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Childhood in New York; high school experience at Horace Mann; Harvard undergraduate at the age of 15. Impressions of ordeal with Harlow Shapley. Depression years in the family business, return to a very changed Harvard in 1934. Thesis work on Interstellar Absorption (Bart Bok), Ph.D. 1937. Postdoc at Yerkes Observatory (Otto Struve) working on Upsilon Sagittarius. Develops the 140-degree camera (the Greenstein-Louis G. Henyey camera); work with Fred Whipple on radio signals from space (Karl Jansky, Grote Reber), Greenstein and Reber’s review article on classified radio detection work during World War II. Founding of the Astrophysics Department at Caltech. Radio astronomy in the mid-1950s. Work on white dwarfs from 1957 on. Own accomplishments as scientist and in personal life. Impressions of Martin Schwarzschild, Shapley, Reber, Fred Hoyle. Also prominently mentioned are: Walter Sydney Adams, Lloyd Viel Berkner, John Bolton, Leverett Davis, William Alfred Fowler, Leo Goldberg, Louis Henyey, Fred Hoyle, Edwin Powell Hubble, Milton Lasell Humason, Robert Hutchins, Karl Jansky, Gerard Peter Kuiper, Tom R. Matthews, Robert Reynolds McMath, Donald Howard Menzel, Paul Merrill, Rudolph Leo Bernhard Minkowski, William Wilson Morgan, Guido Munch, Beverly Oke, Donald Osterbrock, Cecilia Payne-Gaposchkin, Harry Hemley Plaskett, Robert Richardson, Allan Sandage, Jan Scheldt, Shklovsky, Charlotte Moore Sitterly, Lyman Spitzer, Edward Teller, Richard Chace Tolman, Robert Julius Trumpler, Merle Antony Tuve, Albrecht Otto Johannes Unsold, Immanuel Velikofsky, Frederick Whipple; Carnegie Institution of Washington, Hale Observatories, Harvard College Observatory, Lick Observatory, McDonald Observatory, McDonald Observatory Nebular spectrograph, National Science Foundation (U.S.), 100-inch Telescope, University of Chicago, and Vista Project.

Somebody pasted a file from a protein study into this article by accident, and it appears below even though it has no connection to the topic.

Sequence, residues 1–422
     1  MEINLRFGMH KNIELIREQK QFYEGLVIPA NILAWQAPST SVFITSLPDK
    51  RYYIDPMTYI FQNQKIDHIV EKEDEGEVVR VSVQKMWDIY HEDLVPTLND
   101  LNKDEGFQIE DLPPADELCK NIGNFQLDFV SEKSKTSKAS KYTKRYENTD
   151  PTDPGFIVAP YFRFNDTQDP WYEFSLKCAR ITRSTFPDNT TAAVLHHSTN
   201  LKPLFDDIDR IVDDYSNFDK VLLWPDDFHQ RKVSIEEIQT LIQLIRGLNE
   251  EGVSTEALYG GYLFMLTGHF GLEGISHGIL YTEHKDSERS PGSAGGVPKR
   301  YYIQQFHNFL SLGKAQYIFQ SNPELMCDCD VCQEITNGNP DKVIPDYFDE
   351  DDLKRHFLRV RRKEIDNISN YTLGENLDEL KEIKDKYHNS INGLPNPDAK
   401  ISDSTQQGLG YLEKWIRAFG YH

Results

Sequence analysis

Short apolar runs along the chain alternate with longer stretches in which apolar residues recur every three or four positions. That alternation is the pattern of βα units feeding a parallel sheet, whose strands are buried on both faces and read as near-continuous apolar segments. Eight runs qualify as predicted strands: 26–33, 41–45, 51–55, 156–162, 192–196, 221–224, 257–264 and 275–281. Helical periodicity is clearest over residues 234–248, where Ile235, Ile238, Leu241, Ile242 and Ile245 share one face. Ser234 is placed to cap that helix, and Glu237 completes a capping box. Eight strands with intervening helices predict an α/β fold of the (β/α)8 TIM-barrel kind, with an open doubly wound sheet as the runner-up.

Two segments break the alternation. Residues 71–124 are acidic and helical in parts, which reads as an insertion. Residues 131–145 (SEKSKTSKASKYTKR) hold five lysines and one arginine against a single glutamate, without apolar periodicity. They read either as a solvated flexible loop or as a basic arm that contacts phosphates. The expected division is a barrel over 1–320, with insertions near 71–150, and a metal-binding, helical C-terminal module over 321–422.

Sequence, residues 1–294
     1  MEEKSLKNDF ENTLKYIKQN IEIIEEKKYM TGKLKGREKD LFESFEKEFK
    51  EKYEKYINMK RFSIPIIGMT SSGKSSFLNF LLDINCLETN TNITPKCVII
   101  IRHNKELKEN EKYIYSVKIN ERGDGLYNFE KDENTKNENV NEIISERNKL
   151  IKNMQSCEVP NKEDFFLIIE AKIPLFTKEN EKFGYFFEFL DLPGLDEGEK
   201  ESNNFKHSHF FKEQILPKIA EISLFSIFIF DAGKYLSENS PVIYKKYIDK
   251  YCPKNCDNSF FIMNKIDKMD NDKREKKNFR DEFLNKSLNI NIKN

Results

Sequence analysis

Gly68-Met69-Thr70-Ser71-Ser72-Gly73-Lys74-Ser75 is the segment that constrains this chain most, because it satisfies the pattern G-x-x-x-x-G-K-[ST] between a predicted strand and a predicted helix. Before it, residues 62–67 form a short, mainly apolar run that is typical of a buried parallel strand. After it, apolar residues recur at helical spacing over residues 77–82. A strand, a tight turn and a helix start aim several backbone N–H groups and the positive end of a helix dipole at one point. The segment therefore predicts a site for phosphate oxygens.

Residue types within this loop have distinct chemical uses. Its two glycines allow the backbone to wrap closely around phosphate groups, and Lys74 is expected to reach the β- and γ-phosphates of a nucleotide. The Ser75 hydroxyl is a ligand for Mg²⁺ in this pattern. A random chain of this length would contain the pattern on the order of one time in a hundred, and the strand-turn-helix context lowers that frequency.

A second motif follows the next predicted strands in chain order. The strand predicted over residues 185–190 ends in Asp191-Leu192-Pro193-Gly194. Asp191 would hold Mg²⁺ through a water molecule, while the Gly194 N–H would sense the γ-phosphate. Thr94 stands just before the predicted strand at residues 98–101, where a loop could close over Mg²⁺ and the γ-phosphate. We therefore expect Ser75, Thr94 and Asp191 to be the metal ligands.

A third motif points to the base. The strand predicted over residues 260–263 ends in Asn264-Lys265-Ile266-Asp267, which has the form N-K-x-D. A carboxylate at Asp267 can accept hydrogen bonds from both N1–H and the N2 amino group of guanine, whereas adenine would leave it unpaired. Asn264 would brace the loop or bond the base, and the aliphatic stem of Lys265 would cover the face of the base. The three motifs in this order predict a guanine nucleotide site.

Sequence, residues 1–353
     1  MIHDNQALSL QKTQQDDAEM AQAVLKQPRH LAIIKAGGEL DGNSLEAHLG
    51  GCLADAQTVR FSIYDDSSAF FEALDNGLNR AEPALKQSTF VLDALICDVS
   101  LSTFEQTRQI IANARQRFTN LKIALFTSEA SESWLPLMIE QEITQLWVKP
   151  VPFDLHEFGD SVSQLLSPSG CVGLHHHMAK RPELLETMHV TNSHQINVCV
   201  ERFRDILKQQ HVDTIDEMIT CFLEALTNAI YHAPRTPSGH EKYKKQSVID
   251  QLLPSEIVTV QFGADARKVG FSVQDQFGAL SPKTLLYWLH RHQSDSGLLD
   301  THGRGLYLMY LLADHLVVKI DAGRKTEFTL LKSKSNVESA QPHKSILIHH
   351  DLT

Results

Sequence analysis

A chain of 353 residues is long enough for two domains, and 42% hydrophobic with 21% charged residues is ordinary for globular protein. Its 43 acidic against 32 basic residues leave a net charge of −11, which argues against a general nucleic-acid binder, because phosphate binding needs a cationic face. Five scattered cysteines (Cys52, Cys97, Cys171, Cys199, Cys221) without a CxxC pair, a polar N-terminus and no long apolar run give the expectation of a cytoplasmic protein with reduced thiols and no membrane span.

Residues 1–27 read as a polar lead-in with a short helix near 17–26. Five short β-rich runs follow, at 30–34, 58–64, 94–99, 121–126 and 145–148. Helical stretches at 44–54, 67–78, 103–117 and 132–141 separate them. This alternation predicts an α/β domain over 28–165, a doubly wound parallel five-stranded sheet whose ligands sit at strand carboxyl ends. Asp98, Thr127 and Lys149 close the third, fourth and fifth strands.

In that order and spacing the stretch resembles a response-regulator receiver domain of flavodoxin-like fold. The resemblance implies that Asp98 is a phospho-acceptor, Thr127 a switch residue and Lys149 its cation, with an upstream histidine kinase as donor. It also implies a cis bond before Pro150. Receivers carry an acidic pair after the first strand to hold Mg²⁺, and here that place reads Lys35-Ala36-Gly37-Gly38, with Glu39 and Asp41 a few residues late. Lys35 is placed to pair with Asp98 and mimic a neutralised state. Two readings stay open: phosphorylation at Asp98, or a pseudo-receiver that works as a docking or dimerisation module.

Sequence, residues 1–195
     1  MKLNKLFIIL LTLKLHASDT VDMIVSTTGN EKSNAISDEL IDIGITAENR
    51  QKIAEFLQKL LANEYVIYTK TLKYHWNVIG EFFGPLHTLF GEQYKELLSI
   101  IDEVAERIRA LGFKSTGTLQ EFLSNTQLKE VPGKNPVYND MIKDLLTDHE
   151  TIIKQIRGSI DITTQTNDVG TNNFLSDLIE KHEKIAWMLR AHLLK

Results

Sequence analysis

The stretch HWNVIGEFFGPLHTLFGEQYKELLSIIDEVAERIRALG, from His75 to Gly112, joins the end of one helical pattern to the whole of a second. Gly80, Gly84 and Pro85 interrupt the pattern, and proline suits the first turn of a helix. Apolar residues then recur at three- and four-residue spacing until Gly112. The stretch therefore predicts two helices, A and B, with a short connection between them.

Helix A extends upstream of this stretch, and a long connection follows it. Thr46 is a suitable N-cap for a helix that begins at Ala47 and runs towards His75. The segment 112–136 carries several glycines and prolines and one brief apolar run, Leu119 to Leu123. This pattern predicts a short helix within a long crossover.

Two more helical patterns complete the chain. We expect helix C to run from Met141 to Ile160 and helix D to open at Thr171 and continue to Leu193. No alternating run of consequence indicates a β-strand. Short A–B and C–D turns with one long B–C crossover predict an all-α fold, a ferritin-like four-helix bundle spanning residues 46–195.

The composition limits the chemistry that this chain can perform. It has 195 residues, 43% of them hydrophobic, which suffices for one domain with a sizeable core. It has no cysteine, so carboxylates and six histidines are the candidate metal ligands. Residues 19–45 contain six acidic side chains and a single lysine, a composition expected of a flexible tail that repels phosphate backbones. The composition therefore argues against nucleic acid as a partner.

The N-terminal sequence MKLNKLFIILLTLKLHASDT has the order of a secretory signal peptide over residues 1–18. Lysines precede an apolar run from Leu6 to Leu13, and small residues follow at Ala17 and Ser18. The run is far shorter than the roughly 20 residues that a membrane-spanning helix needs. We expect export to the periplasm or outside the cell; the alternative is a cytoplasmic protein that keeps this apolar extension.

Childhood and father's influence; high school in Washington, DC. Enters Washington & Lee University, 1923; becomes assistant at Yerkes Observatory, 1926, while continuing courses; B.S., 1927. Marriage to Helen Barrett. Contacts with Otto Struve, Mario Schoenberg, Dmitri Mihalis. Invention of UBV system; work on A-type stars, MK system, Ph.D. Work during 1930s on effects of metals in spectra; revision of HR Diagram, work on "spottedness" of stellar surface; changes of interest, paper on two-dimensional arrays, 1937. Problems of promotion and tenure at University of Chicago. Struve's administration, departure, and experiences at National Radio Astronomy Observatory. Decision to stay at Yerkes; effects of World War II, including Yerkes Optical Bureau and Greenstein-Henyey camera. Work on spiral arms, work with Walter Baade, William Pendry Bidelman, Jason Nassau; use of Case Schmidt telescope, and Case Survey for OB stars; paper on "natural groups"; recognition of spiral arms, 1951; physical collapse, 1952. Yerkes administration under Struve, Bengt Strömgren, 1950-1957, and Gerard Kuiper. Problems at Kitt Peak. Editor at Astrophysical Journal until 1952. Work with William Pendry Bidelman, Harold Johnson on UBV system. Associate at Lick, 1955; interest in forms of galaxies and classification schemes. Visiting professor at Caltech, 1956; contacts at Mt. Wilson; Edwin P. Hubble. Recognition of supergiant galaxies, 1960. Alfred Joy's review of Yerkes Spectral Atlas. Director of Yerkes, 1960-1963; creation of Astronomy Department at University of Texas; plans for Southern Hemisphere Observatory, eventually taken over by Associated Universities for Research in Astronomy. Younger staff departs Yerkes, courses moved to Chicago. Chairman of Astronomy Department, 1960-1966. Wife's illness and death; own illness in 1966. Also prominently mentioned are: Nathaniel Apter, Geoffrey R. Burbidge, Subrahmanyan Chandrasekhar, G. K. Chesterson, Agatha Christie, Louis Henyey, Lou Hobbs, Henry James, Phillip Keenan, Oliver J. Lee, Aden Meinel, H. R. Morgan, Henry Norris Russell, Alice Weatherspoon, Benjamin Wooten; Marvin College, McDonald Observatory, and Sky and Telescope.